On July 5th, the New York State Insurance Department announced that all New York authorized life insurers have been sent a Section 308 letter requiring them to initially report by September 30th on the effectiveness of their current procedures for processing death claims. See July 5th News Release . The Department is concerned that life insurers may not be implementing "reasonable standards for investigating claims and locating beneficiaries." Effectively recognizing that no New York insurance law or regulation specifically requires insurers to determine if death benefits are payable, the Department also announced that it will be amending New York's unfair claims practices regulations to require insurers (i) to perform regular cross-checks for unpaid death benefits by using the latest version of the SSA Death Master File ("SSDI"), and (ii) to request more detailed policyholder and beneficiary information, such as social security number and address, to facilitate identifying deceased policyholders and locating and making payments to beneficiaries.
Through its Section 308 letter, the Department is directing insurers to report on how many death benefits they have not paid because they did not use the official government list of deaths to promptly indentify when policyholders died. While Section 308 of the New York Insurance Code merely permits the Department to require insurer reports, the Department nonetheless in its Section 308 letter instructs New York authorized life insurers to:
- Cross-check all of their life insurance policies, annuity contracts and retained asset accounts, including group policies for which they maintain detailed insured records (collectively, "Life Business") against the SSDI or an equivalent database. The period covered should extend back as far as each insurer's electronic records will permit.
- Submit an initial report by September 30, 2011 that includes a narrative summary of the cross-check procedures, the overall results (including number of matches and their resolution status), current procedures used to locate beneficiaries, and a detailed listing of any death benefits paid as a result of the cross-check.
- After matches are identified, submit monthly interim reports commencing October 31, 2011 and a final report by no later than March 31, 2012 that updates (i) the actions insurer has taken to investigate the matches, and (ii) the procedures implemented to locate beneficiaries and make payments where appropriate. These reports must also update the information contained in the initial report as appropriate.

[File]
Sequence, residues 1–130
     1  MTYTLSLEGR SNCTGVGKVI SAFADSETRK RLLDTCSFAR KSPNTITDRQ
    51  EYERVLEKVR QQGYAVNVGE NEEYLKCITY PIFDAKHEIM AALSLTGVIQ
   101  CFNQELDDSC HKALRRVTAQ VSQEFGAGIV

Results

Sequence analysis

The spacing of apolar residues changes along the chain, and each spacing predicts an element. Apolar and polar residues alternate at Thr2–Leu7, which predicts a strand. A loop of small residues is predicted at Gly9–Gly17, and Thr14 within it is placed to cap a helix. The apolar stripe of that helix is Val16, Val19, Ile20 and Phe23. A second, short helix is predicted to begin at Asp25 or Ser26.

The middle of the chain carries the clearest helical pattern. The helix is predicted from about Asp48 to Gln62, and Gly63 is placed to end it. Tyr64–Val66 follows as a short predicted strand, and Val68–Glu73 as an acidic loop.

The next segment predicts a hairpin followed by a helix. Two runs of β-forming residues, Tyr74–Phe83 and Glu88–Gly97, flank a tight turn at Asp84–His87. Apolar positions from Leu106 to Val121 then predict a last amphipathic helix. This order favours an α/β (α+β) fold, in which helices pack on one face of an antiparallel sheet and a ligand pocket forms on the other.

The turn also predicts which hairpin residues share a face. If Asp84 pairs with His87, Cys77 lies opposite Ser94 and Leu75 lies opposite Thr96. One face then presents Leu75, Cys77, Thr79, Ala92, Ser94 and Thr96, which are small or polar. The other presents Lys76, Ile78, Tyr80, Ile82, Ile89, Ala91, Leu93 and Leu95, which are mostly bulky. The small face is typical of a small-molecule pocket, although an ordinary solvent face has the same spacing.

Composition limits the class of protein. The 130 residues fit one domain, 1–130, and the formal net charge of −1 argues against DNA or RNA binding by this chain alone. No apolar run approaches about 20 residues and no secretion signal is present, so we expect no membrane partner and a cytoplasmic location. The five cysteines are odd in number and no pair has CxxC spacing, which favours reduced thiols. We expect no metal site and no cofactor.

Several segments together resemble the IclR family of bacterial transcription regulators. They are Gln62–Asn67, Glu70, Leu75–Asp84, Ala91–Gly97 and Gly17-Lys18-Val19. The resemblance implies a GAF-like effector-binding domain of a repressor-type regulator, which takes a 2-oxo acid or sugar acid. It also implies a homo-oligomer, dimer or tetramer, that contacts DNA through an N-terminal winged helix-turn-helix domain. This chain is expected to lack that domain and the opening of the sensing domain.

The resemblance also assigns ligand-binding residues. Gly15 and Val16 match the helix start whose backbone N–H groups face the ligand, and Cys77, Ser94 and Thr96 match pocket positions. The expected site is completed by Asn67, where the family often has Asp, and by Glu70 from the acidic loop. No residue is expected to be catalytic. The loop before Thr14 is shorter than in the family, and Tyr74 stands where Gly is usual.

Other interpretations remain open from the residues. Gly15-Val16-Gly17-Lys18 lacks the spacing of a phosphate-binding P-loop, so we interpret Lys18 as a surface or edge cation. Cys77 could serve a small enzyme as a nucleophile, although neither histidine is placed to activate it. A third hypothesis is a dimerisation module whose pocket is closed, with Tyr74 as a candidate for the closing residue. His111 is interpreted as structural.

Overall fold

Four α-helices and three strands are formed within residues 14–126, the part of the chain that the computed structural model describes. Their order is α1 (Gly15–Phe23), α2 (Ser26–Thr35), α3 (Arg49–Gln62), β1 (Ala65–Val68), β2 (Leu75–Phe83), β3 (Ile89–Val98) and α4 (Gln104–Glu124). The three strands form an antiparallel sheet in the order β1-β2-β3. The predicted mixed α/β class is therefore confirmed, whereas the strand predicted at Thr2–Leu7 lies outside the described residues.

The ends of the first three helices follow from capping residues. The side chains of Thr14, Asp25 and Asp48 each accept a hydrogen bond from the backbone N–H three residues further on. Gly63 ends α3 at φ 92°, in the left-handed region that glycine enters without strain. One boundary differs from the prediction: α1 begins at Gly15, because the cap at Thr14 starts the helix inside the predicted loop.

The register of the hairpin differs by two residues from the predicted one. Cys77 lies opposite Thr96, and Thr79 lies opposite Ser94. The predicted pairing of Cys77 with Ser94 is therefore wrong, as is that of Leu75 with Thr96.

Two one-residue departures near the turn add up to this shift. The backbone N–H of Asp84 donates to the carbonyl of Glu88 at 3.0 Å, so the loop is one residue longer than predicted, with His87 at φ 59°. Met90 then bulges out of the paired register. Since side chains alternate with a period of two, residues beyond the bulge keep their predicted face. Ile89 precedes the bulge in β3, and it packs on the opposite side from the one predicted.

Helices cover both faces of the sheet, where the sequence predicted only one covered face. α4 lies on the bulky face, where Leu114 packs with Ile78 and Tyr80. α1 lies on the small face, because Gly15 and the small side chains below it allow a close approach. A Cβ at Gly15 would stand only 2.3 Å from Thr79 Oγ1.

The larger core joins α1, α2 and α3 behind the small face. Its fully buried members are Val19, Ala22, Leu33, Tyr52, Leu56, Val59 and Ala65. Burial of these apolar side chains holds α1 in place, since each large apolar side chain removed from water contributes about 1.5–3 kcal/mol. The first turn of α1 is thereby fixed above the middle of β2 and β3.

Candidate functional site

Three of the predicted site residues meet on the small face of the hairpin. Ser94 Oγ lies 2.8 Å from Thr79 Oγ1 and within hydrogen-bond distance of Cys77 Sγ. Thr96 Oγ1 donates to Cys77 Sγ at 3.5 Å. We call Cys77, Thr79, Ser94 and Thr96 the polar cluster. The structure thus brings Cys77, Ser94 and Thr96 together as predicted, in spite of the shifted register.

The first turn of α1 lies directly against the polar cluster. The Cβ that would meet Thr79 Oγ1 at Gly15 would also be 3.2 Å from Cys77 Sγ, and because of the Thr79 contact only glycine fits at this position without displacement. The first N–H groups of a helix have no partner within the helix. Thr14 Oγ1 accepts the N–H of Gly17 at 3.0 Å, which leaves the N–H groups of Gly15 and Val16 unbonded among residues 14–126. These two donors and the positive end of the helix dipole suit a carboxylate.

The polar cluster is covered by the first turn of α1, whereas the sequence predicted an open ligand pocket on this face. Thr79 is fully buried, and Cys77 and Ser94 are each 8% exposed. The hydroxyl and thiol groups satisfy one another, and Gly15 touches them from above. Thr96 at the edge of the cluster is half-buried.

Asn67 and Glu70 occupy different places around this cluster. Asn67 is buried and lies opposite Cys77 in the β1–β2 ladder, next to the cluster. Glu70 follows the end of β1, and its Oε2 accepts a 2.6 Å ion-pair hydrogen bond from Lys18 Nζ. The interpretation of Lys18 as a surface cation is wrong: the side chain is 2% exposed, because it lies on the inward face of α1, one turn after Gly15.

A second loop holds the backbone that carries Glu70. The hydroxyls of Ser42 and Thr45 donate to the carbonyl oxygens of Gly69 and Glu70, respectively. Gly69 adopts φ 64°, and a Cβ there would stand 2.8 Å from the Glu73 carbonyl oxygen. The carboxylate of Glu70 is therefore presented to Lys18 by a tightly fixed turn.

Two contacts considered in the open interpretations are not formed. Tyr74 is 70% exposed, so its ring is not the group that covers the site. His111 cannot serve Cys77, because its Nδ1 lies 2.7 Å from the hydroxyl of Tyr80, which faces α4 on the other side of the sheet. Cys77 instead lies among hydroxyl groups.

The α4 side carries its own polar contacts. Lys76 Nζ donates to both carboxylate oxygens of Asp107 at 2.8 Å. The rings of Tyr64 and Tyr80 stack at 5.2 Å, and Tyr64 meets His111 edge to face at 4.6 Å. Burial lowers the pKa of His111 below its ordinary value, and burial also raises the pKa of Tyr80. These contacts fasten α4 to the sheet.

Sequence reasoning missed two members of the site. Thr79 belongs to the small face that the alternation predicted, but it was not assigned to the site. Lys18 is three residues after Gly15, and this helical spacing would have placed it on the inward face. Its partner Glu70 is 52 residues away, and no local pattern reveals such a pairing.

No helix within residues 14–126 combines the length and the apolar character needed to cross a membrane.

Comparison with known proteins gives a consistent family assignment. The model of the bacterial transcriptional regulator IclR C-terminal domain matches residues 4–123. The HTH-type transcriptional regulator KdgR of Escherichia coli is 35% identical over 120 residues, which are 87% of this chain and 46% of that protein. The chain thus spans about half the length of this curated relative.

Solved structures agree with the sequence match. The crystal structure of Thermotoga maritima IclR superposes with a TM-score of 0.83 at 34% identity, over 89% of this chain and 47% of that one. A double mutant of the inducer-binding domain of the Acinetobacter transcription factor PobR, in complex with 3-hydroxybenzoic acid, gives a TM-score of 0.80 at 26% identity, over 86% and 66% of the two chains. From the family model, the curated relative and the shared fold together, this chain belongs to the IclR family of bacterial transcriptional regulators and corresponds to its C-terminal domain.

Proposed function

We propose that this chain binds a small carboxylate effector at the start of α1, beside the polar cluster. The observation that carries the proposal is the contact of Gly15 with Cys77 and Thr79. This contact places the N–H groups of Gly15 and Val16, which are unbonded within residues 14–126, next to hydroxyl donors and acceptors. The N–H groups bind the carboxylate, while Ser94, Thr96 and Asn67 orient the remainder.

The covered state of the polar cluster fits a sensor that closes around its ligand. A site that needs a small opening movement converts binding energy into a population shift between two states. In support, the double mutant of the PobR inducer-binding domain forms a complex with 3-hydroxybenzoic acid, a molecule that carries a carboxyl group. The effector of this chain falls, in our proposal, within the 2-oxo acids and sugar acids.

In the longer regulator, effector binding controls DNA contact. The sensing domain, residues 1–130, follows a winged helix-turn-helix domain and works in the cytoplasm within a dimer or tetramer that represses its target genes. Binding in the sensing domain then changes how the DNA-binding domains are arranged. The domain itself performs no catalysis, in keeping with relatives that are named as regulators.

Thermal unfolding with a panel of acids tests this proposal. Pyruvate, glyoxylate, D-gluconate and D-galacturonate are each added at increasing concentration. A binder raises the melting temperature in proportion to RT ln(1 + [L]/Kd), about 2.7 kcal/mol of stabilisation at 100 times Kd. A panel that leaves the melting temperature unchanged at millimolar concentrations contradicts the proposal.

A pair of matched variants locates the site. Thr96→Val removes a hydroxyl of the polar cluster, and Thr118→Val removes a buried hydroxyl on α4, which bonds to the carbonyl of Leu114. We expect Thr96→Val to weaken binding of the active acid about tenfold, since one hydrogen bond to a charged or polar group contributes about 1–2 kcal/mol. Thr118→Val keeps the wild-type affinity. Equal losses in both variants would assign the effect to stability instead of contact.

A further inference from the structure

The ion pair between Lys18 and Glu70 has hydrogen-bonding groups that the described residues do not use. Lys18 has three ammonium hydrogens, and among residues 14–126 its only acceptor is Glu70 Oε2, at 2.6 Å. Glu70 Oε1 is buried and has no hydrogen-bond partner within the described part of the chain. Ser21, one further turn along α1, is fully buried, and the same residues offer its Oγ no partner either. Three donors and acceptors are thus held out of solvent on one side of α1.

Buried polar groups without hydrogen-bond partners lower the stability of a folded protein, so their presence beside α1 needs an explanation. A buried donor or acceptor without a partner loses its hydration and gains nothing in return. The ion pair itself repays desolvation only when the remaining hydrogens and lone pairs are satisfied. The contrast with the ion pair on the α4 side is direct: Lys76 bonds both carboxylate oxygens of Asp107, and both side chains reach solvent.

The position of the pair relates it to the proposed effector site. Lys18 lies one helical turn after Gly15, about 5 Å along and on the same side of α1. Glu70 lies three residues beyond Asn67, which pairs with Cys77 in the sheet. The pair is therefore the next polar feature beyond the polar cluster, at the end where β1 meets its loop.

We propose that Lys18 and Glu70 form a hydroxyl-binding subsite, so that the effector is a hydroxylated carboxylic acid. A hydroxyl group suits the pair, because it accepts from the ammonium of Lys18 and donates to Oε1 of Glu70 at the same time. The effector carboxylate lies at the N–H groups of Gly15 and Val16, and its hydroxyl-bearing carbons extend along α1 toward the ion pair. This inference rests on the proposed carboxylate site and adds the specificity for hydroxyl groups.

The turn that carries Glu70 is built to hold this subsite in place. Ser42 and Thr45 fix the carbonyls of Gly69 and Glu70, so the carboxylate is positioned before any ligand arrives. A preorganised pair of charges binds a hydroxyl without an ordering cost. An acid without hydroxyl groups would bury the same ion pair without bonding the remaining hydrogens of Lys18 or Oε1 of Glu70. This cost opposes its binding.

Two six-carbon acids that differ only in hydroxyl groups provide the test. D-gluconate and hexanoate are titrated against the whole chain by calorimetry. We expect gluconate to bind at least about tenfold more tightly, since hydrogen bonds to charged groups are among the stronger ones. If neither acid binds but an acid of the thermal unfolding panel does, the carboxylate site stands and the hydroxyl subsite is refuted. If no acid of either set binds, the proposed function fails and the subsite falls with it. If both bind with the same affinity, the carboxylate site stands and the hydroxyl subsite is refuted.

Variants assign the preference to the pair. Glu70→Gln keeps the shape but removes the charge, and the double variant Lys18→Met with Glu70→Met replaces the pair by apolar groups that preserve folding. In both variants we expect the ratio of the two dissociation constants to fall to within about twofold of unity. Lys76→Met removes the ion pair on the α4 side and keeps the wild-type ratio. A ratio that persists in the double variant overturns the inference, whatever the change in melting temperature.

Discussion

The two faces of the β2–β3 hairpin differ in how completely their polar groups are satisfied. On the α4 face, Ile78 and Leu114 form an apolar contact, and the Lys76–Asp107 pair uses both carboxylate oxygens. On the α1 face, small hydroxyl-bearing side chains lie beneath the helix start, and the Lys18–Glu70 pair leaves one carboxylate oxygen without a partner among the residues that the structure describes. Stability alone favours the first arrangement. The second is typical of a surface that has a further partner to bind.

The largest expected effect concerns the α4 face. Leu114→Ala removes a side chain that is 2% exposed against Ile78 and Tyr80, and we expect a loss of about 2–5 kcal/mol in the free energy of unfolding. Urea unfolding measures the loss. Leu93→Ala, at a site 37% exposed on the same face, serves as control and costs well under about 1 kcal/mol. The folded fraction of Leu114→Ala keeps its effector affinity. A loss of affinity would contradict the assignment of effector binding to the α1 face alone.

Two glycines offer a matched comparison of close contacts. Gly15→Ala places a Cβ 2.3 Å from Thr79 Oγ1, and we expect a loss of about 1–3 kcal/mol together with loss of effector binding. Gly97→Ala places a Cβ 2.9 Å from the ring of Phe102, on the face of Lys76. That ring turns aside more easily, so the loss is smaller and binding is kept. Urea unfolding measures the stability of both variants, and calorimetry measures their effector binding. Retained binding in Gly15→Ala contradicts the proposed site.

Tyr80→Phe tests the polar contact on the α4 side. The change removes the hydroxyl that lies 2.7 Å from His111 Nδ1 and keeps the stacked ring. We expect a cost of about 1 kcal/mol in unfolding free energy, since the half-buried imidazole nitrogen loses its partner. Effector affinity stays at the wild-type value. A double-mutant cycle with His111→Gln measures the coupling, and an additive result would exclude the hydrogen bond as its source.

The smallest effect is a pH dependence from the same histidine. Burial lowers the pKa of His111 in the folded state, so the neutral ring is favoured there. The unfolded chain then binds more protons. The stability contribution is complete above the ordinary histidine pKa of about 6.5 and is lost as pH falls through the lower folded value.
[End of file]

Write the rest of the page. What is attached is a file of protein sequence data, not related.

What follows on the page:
The Section 308 letter advises that the records underlying these reports are subject to Department examination. The letter also instructs New York authorized life insurers to preserve all related documents and records until notified otherwise.
As insurers take action in response to Section 308 letters, some considerations include:
- The mechanics for conducting SSDI cross-checks. This includes the number of items to be matched - i.e., social security number, last and first name, address, birth date, etc. - and the level of matches - i.e., full matches or partial matches.
- If an insurer outsources this function to a third party service provider, the extent of insurer oversight and the extent to which the insurer may wish to review the providers' matching criteria.
- The mechanics for identifying whether death benefits are payable when matches are found - i.e., did the policy lapse prior to the death, is the policy a joint survivorship policy and the second death has not yet occurred, etc.
- Creating organization-wide procedures for SSDI cross-checks and beneficiary follow-up, or document the rationale for different procedures between business units or statutory entities to the extent unique considerations justify or demand divergent approaches.
- Reviewing and modifying business practices relative to collecting social security number and address information for owners and beneficiaries on a going forward basis, for new and existing business.